Are you confused about when to apply heat or cold to an area you are feeling pain in? Staff at the Family Chiropractic and Spinal Health Care Center in Ramsey are standing by ready to guide you towards the best choice for relief.
Both therapies cut down on pain but there are important differences. According to Advance for Nurses, “hot therapy opens blood vessels, which increase blood flow and relaxes muscles and cold therapy shuts down the blood flow to the injury, which reduces swelling”. Neither therapy treatment should be applied for more than 15-20 minutes unless otherwise directed by your healthcare provider. Neither treatment should be applied directly to the skin – use a covered heating pad or wrap in a towel. One should check the skin frequently to avoid burns no matter which therapy you apply.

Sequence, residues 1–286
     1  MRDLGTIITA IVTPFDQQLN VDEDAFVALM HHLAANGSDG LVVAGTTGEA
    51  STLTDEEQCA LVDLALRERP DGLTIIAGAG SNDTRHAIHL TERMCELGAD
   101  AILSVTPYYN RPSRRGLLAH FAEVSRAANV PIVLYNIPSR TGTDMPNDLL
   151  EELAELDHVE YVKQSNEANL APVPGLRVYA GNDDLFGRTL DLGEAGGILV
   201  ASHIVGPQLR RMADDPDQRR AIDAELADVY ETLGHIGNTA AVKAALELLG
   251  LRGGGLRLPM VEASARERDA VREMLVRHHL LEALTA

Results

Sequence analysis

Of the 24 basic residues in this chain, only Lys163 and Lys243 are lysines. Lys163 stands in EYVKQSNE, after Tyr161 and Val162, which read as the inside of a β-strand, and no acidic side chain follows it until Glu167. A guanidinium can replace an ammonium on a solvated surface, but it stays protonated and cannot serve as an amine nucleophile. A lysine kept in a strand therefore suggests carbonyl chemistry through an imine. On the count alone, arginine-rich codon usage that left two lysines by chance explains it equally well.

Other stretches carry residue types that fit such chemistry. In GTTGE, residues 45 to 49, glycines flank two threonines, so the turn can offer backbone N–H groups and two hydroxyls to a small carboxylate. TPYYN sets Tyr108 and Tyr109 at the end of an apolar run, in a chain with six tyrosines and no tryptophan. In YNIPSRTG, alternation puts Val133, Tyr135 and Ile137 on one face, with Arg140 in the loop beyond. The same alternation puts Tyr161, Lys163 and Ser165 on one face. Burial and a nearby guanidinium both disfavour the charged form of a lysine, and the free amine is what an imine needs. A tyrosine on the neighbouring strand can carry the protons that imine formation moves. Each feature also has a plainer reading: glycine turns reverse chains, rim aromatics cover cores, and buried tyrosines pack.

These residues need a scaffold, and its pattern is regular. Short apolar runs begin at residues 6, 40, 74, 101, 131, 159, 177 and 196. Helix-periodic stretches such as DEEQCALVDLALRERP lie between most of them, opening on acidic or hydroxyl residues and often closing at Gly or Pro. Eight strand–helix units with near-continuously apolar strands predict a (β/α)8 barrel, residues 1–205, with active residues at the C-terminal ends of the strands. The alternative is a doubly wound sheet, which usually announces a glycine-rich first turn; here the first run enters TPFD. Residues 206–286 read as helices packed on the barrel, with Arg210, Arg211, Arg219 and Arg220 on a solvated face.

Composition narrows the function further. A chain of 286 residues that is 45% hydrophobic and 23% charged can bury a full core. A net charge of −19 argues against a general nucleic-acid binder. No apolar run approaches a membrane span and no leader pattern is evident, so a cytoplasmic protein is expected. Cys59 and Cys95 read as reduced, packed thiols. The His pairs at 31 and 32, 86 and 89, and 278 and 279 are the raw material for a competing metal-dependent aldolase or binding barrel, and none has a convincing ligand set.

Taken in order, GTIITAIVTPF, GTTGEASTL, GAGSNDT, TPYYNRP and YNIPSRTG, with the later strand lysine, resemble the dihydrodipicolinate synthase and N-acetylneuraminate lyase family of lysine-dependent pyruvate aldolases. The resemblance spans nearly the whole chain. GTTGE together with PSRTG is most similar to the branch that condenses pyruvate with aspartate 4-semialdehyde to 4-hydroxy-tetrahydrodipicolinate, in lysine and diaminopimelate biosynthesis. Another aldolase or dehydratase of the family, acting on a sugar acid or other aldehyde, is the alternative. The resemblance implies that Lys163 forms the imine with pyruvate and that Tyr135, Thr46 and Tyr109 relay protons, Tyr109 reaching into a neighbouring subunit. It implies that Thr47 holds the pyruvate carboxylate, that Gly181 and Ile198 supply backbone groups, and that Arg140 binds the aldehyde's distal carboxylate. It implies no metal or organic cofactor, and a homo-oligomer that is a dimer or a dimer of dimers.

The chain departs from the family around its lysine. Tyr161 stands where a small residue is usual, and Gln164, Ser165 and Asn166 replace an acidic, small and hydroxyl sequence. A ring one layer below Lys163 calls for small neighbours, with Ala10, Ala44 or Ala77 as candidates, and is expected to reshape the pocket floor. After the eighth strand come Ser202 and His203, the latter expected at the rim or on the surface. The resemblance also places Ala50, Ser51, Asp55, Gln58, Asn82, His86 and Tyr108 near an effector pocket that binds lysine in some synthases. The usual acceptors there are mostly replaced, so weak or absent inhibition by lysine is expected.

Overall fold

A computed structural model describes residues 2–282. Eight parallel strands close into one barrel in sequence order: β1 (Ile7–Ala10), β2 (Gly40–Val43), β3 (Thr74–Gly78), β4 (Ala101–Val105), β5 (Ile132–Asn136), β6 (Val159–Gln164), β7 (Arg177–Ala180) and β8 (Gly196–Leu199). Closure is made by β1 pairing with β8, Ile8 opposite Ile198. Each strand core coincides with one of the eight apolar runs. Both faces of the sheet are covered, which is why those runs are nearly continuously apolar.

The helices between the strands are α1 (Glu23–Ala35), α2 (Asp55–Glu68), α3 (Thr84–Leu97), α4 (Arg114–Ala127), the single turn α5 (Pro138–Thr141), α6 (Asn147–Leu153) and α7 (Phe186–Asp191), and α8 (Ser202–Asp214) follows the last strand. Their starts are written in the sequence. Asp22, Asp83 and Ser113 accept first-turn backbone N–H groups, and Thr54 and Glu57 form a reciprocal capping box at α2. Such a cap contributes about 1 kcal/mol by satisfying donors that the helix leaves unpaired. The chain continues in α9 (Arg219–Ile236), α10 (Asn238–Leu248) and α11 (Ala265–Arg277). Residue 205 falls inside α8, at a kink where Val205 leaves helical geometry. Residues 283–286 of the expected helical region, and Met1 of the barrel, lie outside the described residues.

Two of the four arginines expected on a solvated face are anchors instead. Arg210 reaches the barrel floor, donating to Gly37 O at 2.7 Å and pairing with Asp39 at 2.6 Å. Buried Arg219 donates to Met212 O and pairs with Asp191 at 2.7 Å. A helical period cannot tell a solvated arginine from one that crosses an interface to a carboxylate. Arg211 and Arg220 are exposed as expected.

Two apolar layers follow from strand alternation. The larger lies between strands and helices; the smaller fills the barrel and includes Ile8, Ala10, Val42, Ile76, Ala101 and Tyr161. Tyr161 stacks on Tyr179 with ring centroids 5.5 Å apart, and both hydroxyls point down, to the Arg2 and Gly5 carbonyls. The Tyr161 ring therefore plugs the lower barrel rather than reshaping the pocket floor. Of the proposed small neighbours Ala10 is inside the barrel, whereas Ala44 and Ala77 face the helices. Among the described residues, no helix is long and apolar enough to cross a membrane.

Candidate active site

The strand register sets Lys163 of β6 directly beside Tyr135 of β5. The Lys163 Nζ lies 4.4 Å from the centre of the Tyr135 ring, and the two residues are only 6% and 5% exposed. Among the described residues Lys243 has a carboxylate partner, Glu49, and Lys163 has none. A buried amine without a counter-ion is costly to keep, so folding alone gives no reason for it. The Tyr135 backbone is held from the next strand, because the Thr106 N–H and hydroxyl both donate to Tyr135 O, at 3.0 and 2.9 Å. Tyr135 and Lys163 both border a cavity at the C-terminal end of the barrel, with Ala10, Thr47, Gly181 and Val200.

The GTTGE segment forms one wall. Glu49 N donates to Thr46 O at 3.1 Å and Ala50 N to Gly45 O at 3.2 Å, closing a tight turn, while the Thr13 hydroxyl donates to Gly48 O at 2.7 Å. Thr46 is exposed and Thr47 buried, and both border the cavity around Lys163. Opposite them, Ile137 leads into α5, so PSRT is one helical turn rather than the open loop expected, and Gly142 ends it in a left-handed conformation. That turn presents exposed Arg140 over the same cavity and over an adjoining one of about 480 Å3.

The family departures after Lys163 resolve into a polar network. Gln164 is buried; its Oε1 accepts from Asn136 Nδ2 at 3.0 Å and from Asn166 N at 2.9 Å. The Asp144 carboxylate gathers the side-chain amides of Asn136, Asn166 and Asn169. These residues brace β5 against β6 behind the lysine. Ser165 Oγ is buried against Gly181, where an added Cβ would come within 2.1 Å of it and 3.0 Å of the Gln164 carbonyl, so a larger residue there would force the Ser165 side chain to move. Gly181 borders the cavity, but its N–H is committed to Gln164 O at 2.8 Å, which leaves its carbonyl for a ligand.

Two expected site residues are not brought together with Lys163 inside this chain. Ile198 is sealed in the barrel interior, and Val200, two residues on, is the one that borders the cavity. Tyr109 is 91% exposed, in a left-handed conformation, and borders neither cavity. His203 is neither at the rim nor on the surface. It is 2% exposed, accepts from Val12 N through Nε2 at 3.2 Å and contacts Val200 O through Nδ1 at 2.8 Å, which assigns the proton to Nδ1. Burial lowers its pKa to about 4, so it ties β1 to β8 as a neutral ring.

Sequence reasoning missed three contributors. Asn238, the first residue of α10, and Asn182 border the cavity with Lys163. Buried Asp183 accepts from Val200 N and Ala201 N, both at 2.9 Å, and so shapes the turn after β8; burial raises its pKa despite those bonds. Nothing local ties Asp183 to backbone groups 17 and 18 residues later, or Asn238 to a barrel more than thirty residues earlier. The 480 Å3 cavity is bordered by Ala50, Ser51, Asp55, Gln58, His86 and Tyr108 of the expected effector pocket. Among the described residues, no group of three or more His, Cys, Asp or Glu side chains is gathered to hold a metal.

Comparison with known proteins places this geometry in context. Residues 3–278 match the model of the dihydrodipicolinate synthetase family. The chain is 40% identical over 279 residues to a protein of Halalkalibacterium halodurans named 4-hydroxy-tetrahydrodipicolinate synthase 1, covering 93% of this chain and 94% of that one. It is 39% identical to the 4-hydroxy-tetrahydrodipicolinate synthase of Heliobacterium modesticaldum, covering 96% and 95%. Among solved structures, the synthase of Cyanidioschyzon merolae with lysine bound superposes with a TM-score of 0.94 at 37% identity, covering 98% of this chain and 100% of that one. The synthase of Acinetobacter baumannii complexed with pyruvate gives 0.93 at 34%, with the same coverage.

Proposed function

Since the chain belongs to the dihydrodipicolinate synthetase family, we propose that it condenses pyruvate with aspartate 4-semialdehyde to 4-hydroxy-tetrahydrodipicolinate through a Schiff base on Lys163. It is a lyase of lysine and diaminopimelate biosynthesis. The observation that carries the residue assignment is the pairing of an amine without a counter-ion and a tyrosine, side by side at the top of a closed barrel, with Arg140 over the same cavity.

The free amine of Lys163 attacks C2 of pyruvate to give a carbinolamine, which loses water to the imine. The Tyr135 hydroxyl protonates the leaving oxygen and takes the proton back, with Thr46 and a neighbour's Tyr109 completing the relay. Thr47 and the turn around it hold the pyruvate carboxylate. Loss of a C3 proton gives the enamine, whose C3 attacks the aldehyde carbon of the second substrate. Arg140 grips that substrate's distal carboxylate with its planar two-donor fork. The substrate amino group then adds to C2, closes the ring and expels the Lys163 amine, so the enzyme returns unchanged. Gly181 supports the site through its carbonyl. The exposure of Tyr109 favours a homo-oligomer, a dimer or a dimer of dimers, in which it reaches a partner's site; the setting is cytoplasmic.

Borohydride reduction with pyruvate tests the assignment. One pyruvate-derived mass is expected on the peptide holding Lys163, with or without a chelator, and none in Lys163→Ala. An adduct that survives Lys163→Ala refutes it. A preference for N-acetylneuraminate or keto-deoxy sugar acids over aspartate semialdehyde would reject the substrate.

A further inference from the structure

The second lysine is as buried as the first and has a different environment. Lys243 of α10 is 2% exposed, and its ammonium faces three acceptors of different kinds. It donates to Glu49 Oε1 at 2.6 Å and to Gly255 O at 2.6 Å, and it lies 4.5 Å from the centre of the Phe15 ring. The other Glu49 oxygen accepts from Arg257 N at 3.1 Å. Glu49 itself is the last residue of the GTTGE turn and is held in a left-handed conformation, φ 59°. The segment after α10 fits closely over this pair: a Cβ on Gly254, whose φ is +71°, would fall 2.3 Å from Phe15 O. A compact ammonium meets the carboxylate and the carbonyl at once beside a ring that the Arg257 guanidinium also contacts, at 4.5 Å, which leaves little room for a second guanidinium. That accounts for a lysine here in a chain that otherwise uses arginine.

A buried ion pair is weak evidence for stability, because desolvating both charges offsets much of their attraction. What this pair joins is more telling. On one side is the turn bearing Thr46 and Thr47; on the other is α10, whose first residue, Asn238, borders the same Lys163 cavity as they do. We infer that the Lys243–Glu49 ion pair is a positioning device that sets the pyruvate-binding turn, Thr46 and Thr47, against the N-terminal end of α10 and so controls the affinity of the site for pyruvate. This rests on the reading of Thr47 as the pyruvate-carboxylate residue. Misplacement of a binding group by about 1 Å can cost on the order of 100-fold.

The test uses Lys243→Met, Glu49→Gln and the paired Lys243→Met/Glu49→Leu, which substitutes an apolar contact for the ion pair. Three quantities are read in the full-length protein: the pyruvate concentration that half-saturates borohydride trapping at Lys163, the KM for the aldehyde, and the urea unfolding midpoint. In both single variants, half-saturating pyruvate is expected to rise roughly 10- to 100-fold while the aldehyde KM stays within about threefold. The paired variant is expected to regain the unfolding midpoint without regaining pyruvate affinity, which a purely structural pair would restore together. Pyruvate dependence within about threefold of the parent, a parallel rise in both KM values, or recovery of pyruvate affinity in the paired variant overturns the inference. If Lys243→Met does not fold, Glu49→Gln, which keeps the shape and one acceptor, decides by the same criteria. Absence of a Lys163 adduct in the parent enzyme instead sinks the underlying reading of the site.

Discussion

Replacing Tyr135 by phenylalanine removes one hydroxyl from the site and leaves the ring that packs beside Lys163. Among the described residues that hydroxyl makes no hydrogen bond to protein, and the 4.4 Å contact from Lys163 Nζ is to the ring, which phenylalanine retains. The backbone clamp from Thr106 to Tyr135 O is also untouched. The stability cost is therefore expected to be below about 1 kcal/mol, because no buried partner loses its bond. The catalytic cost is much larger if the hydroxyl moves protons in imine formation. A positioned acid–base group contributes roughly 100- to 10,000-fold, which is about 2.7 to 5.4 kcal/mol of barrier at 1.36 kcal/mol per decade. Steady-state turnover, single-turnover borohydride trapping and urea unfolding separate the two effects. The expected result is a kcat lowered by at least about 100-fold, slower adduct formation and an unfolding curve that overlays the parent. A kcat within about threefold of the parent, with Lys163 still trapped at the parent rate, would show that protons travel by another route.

There are a few standard recommendations we want to share with you. For example, after a pulled muscle, joint sprain or injury with a swelling, use cold therapy for the first 48-72 hours before switching to heat. Burns benefit from cold and heat should not be used for swellings or open wounds or on stiches. Cold helps minimize inflammation.
“I often advise our patients in both the Bergen and Passaic county offices to ice up after receiving an adjustment for an already irritated condition such as back pain,” said Dr. Moe Abtahi, D.C. “We are here to help you find the balance in your relief and will provide the recommendation appropriate to your concern.”